Brian Mertes directs this spring’s production of
Marisol, a primal, poetic, fantastical, and often humorous contemporary classic.

By Caitlin Howle.

Caitlin Howle

In the early 1990s, José Rivera introduced the world to his play Marisol. This apocalyptic urban fantasy urged its audiences to find a way to recover from the world around them, especially in times of suffering and hurt. Brian Mertes will be directing Trinity Rep’s production this spring, and in a conversation with him, he spoke about his history with Rivera’s work and why Marisol is more relevant today than ever before — and about what Trinity Rep audiences can expect from this powerhouse of a show.

Serving as the head of the Brown University/Trinity Rep MFA directing program,

Brian Mertes

Mertes was most recently at the helm of Trinity Rep productions of The Glass Menagerie (2015) and Appropriate (2017). He has taught directing for Columbia University and New York University and has been lauded in his career, winning an Emmy in directing, along with three nominations, among numerous other accolades.

Mertes is no stranger to Rivera’s work, having read Marisol when it debuted in 1992. He said, “I love this play, and I’ve loved it since it first showed up on the scene.” He first met Rivera when he was working on John Bardon’s The Greeks at Juilliard in 2009. Mertes says that Rivera pressed to find him, saying that the playwright saw his production and said, “Who made that? I have to meet them.” The two hit it off and Rivera loved Mertes’ work so much that he invited him to direct the world premiere of his new play, Massacre (Sing to Your Children) at the Rattlestick Playwrights Theater in New York in 2012. Mertes says of Rivera, “We had such a great time working together. He’s a remarkable human being, artist, writer, and I consider him a statesman of the American theater.”

Rivera won the 1993 Obie award in playwriting for Marisol, and it took audiences by storm when it debuted at The Actors Theatre of Louisville’s Humana Festival in 1992.

Marisol firmly plants our audience into a world where the titular main character is a young Puerto Rican woman working a white-collar job in Manhattan, at a scientific publishing company. She’s making decent money, but instead of relocating to a better neighborhood, Marisol stays firmly rooted in her borough of the Bronx.

On her way home one night, Marisol is attacked on the subway by someone. After narrowly escaping, she faces more violence in her home, her safe space. Mertes reminds audiences, “That’s not uncommon. It’s rare, but it’s not uncommon. It happens here. It happens everywhere.” That night, in bed, she is visited by an angel who reveals that she is the reason that Marisol has managed to stay alive so long. She has helped her survive — but something dreadful is about to happen — and the angel must leave her. The angel continues to explain that God is aging, and going senile, and that all of the angels — Marisol’s included — are going to war against the dying god. Marisol is on her own for the first time in her life. “It’s a world that’s falling apart. There is a level of misbehavior all around, all the time. War is now and on the horizon and around us all the time,” said Mertes.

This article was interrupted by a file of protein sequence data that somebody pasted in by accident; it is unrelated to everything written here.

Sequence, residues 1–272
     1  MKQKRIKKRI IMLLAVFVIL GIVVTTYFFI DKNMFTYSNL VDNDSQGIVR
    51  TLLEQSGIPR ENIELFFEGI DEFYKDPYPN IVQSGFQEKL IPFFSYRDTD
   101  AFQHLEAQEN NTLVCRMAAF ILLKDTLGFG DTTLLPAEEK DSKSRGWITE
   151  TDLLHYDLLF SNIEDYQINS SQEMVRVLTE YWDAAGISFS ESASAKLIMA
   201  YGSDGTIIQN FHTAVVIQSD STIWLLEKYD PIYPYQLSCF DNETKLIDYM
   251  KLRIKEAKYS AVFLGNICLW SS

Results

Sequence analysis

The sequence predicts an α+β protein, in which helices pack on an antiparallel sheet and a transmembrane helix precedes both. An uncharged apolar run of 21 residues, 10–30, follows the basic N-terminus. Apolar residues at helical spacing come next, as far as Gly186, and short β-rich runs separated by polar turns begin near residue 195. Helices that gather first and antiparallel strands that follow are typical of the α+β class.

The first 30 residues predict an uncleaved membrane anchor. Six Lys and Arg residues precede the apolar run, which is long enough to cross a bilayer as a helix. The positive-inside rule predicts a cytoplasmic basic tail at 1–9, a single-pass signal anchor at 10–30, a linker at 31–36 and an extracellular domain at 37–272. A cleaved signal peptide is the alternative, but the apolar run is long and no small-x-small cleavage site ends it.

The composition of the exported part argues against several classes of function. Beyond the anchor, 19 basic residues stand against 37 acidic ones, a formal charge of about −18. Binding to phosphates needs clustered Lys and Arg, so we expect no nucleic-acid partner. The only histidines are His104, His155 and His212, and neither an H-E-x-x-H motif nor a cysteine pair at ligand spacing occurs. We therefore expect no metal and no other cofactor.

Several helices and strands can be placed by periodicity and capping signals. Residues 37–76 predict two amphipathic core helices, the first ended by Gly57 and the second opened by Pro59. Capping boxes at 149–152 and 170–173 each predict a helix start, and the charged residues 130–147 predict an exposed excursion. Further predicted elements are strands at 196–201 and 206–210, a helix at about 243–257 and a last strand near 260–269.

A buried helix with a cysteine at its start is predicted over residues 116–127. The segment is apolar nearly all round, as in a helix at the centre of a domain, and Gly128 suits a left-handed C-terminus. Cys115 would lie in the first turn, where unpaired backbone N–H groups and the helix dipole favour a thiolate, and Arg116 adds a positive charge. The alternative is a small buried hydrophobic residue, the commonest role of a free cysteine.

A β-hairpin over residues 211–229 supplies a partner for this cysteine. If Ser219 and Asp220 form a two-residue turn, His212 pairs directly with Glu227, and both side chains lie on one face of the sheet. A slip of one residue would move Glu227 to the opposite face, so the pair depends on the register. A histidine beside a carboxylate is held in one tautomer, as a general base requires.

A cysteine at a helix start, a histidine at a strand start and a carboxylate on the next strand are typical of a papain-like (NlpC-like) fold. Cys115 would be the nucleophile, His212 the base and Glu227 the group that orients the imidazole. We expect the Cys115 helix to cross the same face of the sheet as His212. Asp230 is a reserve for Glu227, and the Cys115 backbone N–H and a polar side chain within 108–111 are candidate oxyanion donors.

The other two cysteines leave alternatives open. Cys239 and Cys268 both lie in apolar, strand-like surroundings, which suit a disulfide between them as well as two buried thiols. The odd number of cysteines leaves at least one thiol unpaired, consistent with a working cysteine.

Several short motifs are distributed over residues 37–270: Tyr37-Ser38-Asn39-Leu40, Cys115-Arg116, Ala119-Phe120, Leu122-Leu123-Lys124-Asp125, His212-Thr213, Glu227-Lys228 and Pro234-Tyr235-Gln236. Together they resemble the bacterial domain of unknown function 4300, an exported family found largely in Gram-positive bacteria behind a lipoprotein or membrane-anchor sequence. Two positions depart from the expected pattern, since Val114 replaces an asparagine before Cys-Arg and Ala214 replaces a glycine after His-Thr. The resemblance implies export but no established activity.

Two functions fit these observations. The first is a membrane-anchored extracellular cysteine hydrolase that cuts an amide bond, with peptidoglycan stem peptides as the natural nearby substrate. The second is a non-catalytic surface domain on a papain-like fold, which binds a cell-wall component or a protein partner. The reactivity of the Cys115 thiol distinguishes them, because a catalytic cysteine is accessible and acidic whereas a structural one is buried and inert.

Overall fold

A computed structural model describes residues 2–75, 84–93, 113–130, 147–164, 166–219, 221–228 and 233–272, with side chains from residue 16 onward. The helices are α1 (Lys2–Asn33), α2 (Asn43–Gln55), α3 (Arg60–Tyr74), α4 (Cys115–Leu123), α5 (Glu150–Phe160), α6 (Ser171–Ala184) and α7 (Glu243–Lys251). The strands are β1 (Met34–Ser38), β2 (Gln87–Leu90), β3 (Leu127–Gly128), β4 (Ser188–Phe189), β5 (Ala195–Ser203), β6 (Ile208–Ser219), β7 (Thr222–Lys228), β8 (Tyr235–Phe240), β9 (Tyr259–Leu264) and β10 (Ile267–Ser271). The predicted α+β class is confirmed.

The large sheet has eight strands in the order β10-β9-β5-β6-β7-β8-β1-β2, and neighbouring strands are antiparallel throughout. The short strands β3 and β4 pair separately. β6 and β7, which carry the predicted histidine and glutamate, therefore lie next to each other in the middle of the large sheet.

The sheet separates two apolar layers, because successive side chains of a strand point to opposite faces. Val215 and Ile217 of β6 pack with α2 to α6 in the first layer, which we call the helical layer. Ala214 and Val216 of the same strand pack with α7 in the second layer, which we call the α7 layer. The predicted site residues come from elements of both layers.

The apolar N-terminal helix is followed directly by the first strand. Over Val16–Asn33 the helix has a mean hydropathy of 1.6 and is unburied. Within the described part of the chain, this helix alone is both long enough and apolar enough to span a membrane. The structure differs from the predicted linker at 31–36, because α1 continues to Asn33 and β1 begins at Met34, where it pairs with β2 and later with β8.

With all of the angels fighting and no longer watching the mortals that they protect, the world falls apart. Food turns to salt, violence, and hate surround her, and Marisol is all alone. Mertes explains, “We all take a journey that is unexpected and unwelcome that must be taken at some point in our lives. We have to be ready. We all leave a place that we don’t want to leave. We all connect with people that we haven’t seen in forever. What do those moments feel like? That’s part of what we hope to capture.”

Though Marisol flirts with darkness, Mertes reassures us that it’s not all doom and gloom. “It’s about having a human moment with each other where we all can take a breath together and let our guard down. What I keep hearing from so many people is that we need a healing space.” As a director, Mertes knows he can rise to the challenge of bringing such a deep and rich story to the stage. He said, “I get two hours to show this story, which is nothing in life. I have to be incredibly responsible for the audience’s time. The journey of this play is us all being in a space together and having the experience of Marisol letting her guard down, if only for a moment.”